“We are still in the unfortunate rut of under-opportunity and under-representation for women in the sciences and tech,” Gunderson said. “This play aims to expose and challenge that angering trend with a true story of a woman who changed the course of astronomy and, to the extent that astronomy defines us as a civilization, human life. And she did it in a room with several other brilliant but underpaid, sequestered, unappreciated woman mathematicians who were not allowed to even use the telescopes that the men could.”

Lauren Gunderson has been identified by American Theatre magazine as the most-produced living playwright of the 2016-17 season, with 16 productions of her plays taking place at theaters across the country. Science is a recurring theme in her work, as are stories of women otherwise neglected by history: Ada and the Engine tells the story of Ada Lovelace, a Victorian mathematician credited with creating the first computer program, and Émilie: La Marquise du Châtelet Defends Her Life Tonight is about a brilliant physicist of the Enlightenment whose commentary and translation of Newton’s Principia is still used today. Another common thread is Shakespeare, with four of her plays inspired by The Bard: Exit Pursued by a BearToil & TroubleWe Are Denmark; and The Taming. Gunderson’s work has been produced and developed at companies such as South Cost Rep (which commissioned and premiered Silent Sky in 2011), the Kennedy Center, Berkeley Rep, Shotgun Players, TheatreWorks, Crowded Fire, San Francisco Playhouse, Marin Theatre, the Magic, Actors Express, Oregon Shakespeare Festival, Portland Center Stage, Second Stage, Impact Theatre, the Lark and the O’Neill. Her play I and You was the winner of the 2014 Harold and Mimi Steinberg/American Theatre Critics Association New Play Award and a finalist for the 2014 Susan Smith Blackburn Prize. Silent Sky was a finalist for the 2013 Jane Chambers Award.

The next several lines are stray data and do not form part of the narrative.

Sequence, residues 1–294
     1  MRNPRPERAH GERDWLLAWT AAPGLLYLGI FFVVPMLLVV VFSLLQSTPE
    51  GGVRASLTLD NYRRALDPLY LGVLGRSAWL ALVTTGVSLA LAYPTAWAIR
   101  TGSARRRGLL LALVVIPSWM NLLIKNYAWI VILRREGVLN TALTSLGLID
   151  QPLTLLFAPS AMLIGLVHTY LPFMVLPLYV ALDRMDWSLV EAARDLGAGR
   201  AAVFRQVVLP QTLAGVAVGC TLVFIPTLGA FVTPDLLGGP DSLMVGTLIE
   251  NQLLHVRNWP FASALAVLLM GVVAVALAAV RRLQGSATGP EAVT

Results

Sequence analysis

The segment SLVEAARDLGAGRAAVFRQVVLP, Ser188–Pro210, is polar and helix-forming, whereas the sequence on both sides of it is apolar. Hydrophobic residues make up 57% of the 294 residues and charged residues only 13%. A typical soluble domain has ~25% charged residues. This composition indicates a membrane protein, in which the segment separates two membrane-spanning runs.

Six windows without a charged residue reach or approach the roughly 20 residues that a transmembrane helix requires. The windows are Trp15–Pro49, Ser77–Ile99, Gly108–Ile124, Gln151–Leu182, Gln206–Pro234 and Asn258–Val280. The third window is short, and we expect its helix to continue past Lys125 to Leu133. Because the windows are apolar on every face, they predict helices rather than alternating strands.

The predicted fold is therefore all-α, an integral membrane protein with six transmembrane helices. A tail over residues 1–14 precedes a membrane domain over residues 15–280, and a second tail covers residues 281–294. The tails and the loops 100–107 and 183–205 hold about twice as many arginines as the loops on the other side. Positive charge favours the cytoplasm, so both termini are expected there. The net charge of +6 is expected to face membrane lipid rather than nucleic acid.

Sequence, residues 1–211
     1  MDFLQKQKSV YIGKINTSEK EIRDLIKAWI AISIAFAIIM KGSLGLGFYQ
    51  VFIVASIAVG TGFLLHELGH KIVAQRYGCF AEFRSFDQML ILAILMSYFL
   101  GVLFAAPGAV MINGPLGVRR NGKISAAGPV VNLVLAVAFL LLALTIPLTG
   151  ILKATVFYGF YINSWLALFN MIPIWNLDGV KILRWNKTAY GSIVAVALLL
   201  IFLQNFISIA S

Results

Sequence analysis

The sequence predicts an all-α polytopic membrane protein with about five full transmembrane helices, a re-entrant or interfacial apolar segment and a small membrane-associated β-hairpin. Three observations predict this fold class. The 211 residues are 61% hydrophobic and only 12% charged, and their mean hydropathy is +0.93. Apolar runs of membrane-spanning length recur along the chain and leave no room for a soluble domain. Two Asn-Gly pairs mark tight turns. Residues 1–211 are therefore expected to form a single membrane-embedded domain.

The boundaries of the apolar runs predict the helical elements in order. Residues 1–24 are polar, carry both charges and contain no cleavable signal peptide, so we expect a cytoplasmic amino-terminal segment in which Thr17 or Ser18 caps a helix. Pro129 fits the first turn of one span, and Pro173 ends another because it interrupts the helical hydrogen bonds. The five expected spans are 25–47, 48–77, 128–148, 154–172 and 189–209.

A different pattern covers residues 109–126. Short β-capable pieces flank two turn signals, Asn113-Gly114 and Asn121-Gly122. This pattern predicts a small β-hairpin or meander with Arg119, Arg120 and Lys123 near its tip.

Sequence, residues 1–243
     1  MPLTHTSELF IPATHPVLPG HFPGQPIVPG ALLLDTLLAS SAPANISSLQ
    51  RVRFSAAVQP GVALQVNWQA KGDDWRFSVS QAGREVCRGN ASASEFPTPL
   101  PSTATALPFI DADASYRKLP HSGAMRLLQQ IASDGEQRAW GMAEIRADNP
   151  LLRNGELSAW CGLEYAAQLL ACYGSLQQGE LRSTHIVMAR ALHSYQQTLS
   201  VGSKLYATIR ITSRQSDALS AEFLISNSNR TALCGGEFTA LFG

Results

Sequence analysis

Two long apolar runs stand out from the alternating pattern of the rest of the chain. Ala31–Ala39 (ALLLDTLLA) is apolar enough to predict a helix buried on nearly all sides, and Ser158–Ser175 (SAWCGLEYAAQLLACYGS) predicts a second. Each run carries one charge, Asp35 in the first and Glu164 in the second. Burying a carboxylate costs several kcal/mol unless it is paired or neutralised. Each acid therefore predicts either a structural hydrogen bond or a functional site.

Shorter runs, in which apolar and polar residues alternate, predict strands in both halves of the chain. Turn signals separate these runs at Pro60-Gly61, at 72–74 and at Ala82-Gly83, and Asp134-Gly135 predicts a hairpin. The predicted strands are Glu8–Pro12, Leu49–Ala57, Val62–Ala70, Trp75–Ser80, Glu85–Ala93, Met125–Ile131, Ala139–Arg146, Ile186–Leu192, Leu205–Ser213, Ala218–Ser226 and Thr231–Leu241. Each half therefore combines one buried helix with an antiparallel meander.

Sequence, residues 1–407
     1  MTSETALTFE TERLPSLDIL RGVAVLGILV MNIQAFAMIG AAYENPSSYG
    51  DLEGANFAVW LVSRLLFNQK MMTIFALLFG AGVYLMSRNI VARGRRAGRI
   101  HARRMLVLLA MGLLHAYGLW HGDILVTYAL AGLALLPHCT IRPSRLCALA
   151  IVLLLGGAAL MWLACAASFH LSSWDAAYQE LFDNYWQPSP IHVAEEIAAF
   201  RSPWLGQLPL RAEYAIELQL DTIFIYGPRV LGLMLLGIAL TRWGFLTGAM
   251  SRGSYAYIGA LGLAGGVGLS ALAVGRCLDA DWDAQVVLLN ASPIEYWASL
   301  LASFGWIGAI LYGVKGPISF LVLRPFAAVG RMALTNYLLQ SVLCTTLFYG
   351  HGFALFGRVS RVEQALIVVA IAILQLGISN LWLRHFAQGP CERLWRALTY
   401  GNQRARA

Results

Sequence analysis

The creative team for Silent Sky includes set designer Christopher Scott Murillo, projections designer Lily Bartenstein, lighting designer Donna Ruzik, costume designer Kim DeShazo, sound designer Jeff Polunas, props designers Pattyand Gordon Briles, and hair and wigs designer Anthony Gagliardi. Casting is by Michael Donovan and the production stage manager is Victoria A. Gathe.

Silent Sky runs ThursdaysFridays and Saturdays at 8 p.m. and Sundays at 2 p.m., Aug. 25 through Sept. 10. Two preview performances take place on Wednesday, Aug. 23 and Thursday, Aug. 24, both at 8 p.m. Tickets are $47 on Thursdays and Fridays, and $49 on Saturdays and Sundays, except for Aug. 25 (opening night) for which tickets are $55and include a post show reception at Utopia Restaurant. Low-priced tickets to previews are $35International City Theatre is located in the Long Beach Performing Arts Center at 330 East Seaside Way in Long Beach, CA 90802. For reservations and information, call 562-436-4610 or go to InternationalCityTheatre.org.